Shift in US-India Perceptions

Today, the India-US relationship is a transformed one with the change in Indian thinking about America being the most important element. Being ‘pro-American’ is not a stigma any longer whether in politics or business. The wider public accepts that establishing good relations with America is a desirable objective. Pragmatic thinking in India supports the inclination of the government to bring India and the US closer, though not at the cost of becoming subservient to the latter.

The urbanised Indian middle class is very positively oriented towards the US, and so is the entrepreneurial class, especially that section involved in the knowledge economy. The business community as a whole, that today wields far more influence on policy making because of the liberalisation of the Indian economy and the declining role of the state sector, is an engine for the growth of Indo-US ties. The media devotes a lot of attention to the US. In any report card of the relationship over the last decade this change in attitude is not only very important, it is key to a progressively enhanced relationship with the US in the years ahead.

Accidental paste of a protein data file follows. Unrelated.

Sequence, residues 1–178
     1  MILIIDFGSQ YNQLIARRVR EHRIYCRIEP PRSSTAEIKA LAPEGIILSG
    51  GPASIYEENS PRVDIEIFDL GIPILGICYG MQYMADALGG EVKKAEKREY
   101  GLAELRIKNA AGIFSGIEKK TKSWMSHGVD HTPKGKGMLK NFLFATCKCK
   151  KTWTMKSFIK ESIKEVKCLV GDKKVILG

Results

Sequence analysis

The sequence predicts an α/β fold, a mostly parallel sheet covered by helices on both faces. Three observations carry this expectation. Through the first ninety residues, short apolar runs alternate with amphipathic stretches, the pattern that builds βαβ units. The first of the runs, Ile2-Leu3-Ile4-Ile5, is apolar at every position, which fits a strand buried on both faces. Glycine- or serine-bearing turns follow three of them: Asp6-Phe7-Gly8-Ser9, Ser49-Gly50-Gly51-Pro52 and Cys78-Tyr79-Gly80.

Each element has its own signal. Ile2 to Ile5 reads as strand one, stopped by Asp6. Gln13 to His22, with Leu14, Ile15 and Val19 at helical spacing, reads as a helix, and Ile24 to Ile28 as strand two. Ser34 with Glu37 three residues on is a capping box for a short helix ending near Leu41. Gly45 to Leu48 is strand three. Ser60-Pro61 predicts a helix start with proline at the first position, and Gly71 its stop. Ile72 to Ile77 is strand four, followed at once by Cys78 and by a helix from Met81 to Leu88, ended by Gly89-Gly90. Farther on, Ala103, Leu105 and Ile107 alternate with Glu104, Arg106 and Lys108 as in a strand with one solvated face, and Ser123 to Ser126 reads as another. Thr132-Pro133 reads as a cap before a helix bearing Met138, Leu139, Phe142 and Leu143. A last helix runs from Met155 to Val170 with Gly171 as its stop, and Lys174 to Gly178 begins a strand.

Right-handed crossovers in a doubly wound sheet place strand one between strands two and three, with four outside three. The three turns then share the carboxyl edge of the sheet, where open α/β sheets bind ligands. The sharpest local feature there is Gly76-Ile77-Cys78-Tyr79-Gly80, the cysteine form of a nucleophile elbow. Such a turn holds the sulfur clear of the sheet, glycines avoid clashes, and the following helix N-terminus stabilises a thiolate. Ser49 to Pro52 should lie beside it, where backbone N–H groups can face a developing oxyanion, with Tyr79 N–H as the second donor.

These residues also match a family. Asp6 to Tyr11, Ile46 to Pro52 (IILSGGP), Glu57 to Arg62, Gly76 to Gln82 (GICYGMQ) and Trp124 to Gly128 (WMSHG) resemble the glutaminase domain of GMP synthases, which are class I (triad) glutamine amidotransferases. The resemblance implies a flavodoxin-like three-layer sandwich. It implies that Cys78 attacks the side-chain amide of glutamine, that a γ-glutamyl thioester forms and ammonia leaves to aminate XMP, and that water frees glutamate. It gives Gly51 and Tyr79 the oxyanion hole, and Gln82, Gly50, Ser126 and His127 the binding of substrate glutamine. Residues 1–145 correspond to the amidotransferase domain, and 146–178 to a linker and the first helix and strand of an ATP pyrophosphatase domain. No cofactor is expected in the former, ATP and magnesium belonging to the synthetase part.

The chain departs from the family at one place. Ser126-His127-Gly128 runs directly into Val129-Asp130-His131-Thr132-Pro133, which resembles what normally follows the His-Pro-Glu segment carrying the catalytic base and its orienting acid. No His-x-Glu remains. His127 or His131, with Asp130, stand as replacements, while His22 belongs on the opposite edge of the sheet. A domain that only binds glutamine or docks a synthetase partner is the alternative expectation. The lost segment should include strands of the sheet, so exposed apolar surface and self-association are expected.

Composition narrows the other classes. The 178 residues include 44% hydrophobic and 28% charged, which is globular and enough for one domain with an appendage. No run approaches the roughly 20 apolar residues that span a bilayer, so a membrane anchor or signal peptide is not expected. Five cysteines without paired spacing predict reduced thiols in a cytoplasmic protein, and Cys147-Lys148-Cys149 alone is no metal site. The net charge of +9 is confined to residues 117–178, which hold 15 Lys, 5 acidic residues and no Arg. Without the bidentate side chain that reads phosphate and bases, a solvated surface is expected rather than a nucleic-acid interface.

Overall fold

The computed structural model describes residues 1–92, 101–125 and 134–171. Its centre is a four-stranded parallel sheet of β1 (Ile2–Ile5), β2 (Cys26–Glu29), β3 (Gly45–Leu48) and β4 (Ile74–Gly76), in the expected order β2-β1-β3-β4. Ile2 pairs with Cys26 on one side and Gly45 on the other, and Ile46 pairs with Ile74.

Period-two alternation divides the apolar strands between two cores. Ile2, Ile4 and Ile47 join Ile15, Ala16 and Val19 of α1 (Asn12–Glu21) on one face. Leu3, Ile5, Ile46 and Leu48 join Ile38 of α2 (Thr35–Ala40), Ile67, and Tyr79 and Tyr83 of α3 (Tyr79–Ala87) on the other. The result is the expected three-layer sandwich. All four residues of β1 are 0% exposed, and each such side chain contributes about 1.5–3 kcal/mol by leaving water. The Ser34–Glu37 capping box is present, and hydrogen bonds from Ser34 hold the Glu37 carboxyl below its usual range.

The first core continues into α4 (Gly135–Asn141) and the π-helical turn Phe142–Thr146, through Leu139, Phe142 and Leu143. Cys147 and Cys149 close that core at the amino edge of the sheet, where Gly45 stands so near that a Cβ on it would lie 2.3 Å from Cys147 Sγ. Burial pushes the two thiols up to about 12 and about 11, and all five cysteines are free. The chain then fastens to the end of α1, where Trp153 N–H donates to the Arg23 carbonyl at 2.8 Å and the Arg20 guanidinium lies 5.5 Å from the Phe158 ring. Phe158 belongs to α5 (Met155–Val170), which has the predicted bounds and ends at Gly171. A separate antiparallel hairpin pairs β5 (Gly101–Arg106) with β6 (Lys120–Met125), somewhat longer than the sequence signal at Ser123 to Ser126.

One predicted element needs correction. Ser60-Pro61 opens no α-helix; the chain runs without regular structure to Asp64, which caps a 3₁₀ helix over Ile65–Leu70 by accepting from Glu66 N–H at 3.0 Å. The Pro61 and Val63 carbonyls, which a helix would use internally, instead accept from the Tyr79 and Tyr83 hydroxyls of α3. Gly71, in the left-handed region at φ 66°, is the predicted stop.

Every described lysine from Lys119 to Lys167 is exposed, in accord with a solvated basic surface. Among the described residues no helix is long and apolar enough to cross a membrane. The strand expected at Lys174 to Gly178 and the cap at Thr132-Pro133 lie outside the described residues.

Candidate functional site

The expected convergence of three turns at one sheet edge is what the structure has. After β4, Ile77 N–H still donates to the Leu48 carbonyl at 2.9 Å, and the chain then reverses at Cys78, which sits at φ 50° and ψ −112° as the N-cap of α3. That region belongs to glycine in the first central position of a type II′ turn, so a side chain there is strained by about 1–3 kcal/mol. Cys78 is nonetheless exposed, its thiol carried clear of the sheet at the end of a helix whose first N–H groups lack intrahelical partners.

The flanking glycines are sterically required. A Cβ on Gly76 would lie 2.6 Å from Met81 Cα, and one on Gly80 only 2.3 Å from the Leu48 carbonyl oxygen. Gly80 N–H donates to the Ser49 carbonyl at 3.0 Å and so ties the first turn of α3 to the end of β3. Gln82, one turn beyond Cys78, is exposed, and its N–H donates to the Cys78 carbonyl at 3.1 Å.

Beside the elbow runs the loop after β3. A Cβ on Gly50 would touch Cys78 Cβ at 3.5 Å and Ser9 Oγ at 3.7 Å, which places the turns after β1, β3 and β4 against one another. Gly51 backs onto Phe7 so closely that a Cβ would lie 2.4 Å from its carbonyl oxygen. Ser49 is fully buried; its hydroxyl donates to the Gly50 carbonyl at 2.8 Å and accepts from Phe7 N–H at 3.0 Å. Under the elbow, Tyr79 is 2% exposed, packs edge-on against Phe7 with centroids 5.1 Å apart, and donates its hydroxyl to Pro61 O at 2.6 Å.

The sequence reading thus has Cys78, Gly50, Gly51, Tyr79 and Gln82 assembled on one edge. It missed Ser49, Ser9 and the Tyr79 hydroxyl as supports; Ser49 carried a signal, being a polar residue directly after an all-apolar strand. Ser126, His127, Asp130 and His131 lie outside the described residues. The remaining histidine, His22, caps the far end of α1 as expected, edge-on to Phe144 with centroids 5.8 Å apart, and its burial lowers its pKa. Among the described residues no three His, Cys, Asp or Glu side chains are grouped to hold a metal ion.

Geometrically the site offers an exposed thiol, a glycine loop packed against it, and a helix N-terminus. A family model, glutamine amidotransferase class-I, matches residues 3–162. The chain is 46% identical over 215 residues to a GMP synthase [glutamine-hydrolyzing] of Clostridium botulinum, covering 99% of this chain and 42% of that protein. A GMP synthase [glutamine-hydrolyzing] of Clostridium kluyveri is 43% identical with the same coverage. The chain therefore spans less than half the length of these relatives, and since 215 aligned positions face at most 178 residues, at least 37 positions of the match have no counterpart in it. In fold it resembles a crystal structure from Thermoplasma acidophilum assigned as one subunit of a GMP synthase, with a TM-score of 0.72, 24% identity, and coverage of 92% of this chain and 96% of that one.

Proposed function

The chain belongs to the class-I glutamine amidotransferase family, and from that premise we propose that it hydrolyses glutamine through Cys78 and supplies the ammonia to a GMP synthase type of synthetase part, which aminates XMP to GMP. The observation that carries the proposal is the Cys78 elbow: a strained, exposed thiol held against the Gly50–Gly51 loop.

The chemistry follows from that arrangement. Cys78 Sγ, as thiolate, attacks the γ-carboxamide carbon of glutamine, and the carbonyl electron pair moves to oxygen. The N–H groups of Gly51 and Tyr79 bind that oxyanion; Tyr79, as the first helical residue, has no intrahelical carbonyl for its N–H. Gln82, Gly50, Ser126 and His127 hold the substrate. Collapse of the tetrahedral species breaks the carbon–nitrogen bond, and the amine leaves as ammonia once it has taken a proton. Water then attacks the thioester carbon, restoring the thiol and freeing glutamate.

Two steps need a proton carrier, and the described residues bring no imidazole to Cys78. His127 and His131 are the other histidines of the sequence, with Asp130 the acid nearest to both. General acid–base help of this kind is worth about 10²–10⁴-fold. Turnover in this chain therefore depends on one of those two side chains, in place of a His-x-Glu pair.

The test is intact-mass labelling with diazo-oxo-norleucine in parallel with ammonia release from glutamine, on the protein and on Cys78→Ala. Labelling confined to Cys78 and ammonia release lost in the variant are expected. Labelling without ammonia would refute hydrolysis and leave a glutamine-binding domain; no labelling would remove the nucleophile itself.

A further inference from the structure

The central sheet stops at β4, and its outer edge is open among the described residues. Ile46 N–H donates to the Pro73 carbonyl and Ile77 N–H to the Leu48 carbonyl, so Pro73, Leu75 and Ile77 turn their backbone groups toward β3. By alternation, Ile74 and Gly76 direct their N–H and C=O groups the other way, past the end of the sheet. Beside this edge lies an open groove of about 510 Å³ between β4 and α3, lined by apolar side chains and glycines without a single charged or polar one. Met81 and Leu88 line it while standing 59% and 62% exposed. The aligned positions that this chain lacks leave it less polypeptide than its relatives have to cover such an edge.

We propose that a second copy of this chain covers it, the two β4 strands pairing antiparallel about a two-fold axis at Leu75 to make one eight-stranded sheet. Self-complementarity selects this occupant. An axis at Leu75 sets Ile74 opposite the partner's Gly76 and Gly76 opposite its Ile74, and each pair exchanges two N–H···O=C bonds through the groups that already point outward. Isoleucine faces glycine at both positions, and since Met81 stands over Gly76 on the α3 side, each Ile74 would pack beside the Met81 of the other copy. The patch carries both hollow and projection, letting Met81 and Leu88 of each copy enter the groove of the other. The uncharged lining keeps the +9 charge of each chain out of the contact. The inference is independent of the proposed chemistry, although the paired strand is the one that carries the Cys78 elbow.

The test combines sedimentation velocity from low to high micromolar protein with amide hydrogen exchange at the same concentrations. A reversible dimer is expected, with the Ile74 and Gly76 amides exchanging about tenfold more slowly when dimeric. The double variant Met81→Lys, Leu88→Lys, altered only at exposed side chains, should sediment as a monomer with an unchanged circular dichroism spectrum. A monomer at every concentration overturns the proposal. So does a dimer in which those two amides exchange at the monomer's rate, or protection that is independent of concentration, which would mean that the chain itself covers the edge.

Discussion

The evolving defence relationship with the US reflects this change in attitude. The US continues to arm Pakistan, and India, though unhappy, is willing to take a broader view of shared interests. Currently, the US has bagged the largest number of arms contracts - about $8 billion worth in the last five years - despite the stringent and intrusive end-use monitoring requirements. India is likely to order more C-17s and P-8I aircraft. The contract for attack helicopters and light howitzers could well go to the US too. India no longer allows fears of a cut-off of US arms supplies in the event of regional tensions to stand in the way of enhanced defence ties.